This article is 100% based off of Carol Dweck’s work and mainly her book Mindset: The New Psychology of Success. I highly suggest reading it immediately.
What is growth mindset?
A growth mindset is having the thought process that you can develop skill and ability through practice. It’s having a mindset that enjoys the process and journey rather than what’s at the finish line. Those with a growth mindset look at challenges as opportunities of growth rather than problems.
The opposite of this would be a fixed mindset that believes one has an innate ability to perform a certain task and no matter what they do they will have a predetermined limit to their ability. They’re feel it’s measured by the end results, often based on others opinions.
Why is this important?
You can come to your own conclusions with that question but in my opinion this is the basis for success. Looking at athletics, if someone feels they have only a natural ability they are less willing to put in extra work everyday that gets them a little bit better. However, if they have a growth mindset they are constantly pushing themselves to an uncomfortable level. Constantly pushing that level means they are learning at a higher rate that if they were practicing something they have already mastered.
If you’ve read any of the “Talent” books they’ve talked about how the elite constantly go into deliberate or deep practice. This practice means that constantly challenging one’s limits creates a better and faster learning environment. You cannot get to this level without a growth mindset.
How is this developed?
The best part about a growth mind set is that it is not genetic. I’ll check with some scientists but I’m pretty sure there isn’t a DNA strand that predetermines if you’re resilient or someone who gives up easily. One major way its developed is through the parents, coaches, teachers, and mentors that work with kids. Praising effort and improvement must be #1 over praising ability. Saying hey did a good job is fine but back it up with “because you worked hard is why you did so well.”
I have previously posted one of Carol Dweck’s studies where she showed how one praises could significantly affect a child’s behaviors. Those praised for growth accepted challenges and attacked them, while those praised for effort shied away from challenges to their label of being “smart.” This all with 6 words after one easy puzzle that they all could complete.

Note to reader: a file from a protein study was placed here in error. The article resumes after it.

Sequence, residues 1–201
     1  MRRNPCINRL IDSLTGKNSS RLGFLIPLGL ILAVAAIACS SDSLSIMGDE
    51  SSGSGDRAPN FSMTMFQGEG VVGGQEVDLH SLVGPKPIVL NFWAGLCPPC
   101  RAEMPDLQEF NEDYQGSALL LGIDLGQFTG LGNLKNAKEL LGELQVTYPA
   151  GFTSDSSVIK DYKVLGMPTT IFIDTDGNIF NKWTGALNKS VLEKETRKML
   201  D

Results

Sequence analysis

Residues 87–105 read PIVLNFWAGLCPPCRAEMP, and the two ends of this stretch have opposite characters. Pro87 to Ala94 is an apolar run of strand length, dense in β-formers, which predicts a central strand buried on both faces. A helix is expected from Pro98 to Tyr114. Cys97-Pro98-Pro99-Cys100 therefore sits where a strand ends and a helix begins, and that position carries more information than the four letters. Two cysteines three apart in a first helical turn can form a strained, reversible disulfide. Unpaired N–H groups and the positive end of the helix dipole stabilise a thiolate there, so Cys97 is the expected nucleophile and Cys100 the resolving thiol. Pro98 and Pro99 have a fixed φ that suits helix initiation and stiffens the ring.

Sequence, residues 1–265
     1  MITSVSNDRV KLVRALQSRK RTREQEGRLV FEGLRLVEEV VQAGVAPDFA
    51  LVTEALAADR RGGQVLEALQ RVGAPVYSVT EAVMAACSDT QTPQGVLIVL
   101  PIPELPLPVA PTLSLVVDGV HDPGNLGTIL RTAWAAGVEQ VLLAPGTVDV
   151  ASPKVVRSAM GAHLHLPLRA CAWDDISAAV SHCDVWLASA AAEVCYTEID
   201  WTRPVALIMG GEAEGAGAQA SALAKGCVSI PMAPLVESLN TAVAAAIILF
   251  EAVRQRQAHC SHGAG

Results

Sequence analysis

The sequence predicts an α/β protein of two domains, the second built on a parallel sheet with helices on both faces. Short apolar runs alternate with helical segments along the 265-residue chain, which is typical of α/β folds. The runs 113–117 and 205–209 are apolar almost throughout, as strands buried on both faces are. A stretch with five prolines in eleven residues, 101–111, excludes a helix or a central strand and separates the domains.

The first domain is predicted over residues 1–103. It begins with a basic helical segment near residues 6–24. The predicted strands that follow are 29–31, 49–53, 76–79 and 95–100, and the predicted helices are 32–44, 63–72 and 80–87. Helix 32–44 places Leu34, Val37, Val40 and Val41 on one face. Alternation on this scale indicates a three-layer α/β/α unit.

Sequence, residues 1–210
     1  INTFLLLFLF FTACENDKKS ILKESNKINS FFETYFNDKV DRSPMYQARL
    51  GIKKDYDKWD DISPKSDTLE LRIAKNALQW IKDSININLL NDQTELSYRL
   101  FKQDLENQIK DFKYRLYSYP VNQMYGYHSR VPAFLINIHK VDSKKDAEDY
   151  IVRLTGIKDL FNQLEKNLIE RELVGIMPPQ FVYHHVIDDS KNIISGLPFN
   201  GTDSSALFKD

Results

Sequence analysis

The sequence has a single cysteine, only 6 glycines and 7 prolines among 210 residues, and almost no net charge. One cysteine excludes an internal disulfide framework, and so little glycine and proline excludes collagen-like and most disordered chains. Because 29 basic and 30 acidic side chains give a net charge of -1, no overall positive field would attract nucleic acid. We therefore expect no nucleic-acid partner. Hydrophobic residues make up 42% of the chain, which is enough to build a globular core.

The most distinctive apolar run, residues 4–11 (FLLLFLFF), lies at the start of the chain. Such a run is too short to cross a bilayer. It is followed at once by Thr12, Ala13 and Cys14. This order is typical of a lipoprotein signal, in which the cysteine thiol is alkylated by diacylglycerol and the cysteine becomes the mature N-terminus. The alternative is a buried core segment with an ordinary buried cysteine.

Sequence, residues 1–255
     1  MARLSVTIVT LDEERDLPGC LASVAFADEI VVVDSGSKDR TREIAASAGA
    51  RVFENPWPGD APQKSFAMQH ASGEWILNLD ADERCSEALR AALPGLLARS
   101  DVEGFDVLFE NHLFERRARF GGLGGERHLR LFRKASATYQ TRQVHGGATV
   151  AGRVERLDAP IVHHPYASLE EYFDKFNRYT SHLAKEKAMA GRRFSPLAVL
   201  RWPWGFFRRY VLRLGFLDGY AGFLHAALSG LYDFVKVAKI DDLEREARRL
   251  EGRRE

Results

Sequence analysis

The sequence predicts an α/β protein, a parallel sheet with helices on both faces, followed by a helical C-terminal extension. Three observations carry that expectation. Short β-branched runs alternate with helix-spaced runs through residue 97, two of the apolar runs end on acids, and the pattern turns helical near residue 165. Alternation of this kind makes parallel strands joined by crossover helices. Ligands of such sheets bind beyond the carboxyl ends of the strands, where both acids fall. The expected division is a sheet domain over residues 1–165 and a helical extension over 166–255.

Danny Woodhead..... Not supposed to be in NFL. Don't think he really cares
This also can be changed in adults. Remember it is not a genetic predisposition. It takes a lot of work and humility but the changes reap tremendous benefits.
I also believe the youth must see it with their own eyes. Kids absorb everything, as we know. Watching parents, siblings and others have a deep focus in a task, the kids want to imitate those they admire. If a parent constantly blames referees, coaches, and teammates for mistakes, who do you think are the kids that grow up the same way? Blaming others is always the easy way out, but always ends up with the worst results. A growth mindset is about taking responsibility and holding yourself accountable. Realizing mistakes are going to happen and it’s how you respond to those mistakes that will make you a better person or athlete.
If you still don’t believe it’s important, look at the lives of Michael Jordan, Tom Brady, Tim Lincecum, Steve Nash, etc. All of who weren’t expected to be MVP’s of the respected leagues. Some weren’t even expected to make it professionally. If they didn’t have a growth mindset instilled in them there would be no way they could achieve what they have.
Steve Nash Future NBA MVP from Santa Clara?? Yea right....
So if you have a fixed mindset (I noticed I had some of both depending on the subject) take it upon yourself to change. You won't believe what you can do when you eliminate excuses for yourself.